But I am not untouched by what the ALA calls the highest numbers of books being banned. That same creative writing teacher, who stood by me when my God-as-computer story was published, has remained by me all these years, and as each of my books were published, he donated them to the library in the school where I graduated from, and to the school he eventually moved to and taught until his retirement. He is a much lauded and revered teacher, and I was placed on my school’s “Wall of Stars” in 2021. Yet last summer, as a result of the book-banning sweeping our country, my school district also swept through their libraries…and my books disappeared.
Why? Because the topics are “inflammatory”.
This one wasn’t a slap in the face, but an all-out sucker punch. At the same time, given the nature of what’s happening in our country, it wasn’t unexpected. So I got back up, soothed my hurt feelings, brushed myself off, and returned to my desk. My latest book, Hope Always Rises, was released on February 28, 2023. It’s on the topic of suicide and our treatment of those who choose to end their lives. I’m at work on the next book.
Hurt feelings go away. And tape just doesn’t stick to my mouth.
The best way to deal with book banning? First off, fight against it. Support every author whose books have been banned. But second, keep writing. Write your very best.
Those whose minds and ears are open will hear.
Purchase a copy of Hope Always Rises by visiting Amazon, Barnes and Noble, or Bookshop.org. Make sure you also add Hope Always Rises to your Goodreads reading list.
If you enjoyed Kathie's unique perspective, then you'll enjoy more of her writing in her latest book, Hope Always Rises. This book is perfect for anyone who has ever known someone who wanted to end their life, or anyone who has ever felt that way themselves.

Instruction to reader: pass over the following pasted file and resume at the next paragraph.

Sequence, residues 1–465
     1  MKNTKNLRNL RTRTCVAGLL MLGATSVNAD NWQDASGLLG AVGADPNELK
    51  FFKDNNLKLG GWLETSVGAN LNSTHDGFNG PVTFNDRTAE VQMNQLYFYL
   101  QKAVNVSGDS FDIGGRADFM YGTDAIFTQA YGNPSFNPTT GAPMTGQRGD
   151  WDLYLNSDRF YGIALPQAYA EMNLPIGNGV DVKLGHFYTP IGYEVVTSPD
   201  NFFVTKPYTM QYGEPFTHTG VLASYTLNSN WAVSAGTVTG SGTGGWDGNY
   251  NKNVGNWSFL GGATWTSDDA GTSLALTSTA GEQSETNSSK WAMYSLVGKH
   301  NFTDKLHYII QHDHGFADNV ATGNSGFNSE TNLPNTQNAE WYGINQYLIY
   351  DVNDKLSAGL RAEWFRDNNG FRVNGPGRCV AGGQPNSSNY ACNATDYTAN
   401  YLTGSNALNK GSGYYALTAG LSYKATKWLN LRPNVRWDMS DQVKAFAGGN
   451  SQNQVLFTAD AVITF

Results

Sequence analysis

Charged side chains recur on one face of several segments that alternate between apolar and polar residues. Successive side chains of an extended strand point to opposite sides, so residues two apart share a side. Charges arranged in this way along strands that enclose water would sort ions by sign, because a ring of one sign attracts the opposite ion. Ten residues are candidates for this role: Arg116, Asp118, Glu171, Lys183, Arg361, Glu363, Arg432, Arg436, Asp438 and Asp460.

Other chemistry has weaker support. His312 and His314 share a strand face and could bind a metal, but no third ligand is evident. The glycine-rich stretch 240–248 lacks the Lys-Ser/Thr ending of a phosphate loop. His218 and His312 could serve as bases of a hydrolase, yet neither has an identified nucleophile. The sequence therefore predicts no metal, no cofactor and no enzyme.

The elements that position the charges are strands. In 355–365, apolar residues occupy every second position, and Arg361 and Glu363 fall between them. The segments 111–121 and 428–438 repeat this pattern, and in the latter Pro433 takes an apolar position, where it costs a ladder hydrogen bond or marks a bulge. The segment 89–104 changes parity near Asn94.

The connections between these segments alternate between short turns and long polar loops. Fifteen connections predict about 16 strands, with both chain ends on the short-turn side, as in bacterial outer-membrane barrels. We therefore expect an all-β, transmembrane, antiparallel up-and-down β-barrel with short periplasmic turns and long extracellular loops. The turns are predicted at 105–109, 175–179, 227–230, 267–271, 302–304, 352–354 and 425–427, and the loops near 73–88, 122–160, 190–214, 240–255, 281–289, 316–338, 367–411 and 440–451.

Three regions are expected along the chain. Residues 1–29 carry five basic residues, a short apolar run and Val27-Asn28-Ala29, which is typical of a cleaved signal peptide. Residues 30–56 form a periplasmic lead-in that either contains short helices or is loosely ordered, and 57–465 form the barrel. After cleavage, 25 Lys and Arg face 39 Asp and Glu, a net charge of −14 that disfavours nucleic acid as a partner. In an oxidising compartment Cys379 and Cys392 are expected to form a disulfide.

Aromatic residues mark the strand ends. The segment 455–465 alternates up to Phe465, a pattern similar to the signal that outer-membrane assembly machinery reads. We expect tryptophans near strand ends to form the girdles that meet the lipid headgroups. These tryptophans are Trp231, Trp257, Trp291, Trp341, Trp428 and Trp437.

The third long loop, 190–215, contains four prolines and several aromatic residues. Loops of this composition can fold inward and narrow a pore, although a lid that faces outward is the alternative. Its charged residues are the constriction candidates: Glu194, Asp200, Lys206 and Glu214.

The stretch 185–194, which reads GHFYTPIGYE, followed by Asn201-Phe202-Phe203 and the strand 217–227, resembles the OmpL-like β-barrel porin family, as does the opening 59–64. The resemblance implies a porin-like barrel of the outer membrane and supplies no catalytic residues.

Her book is part of the latest WOW Blog Tour, more info about the tour as well as dates and an interview with Kathie Giorgio can be found at The Muffin
Author bio: Kathie Giorgio is the author of seven novels, two story collections, an essay collection, and four poetry collections. Her latest novel, Hope Always Rises, will be released on February 28, 2023. She’s been nominated for the Pushcart Prize in fiction and poetry and awarded the Outstanding Achievement Award from the Wisconsin Library Association, the Silver Pen Award for Literary Excellence, the Pencraft Award for Literary Excellence, and the Eric Hoffer Award In Fiction. Her poem “Light” won runner-up in the 2021 Rosebud Magazine Poetry Prize. In a recent column, Jim Higgins, the books editor of the Milwaukee Journal Sentinel, listed Giorgio as one of the top 21 Wisconsin writers of the 21st century. Kathie is also the director and founder of AllWriters’ Workplace & Workshop LLC, an international creative writing studio.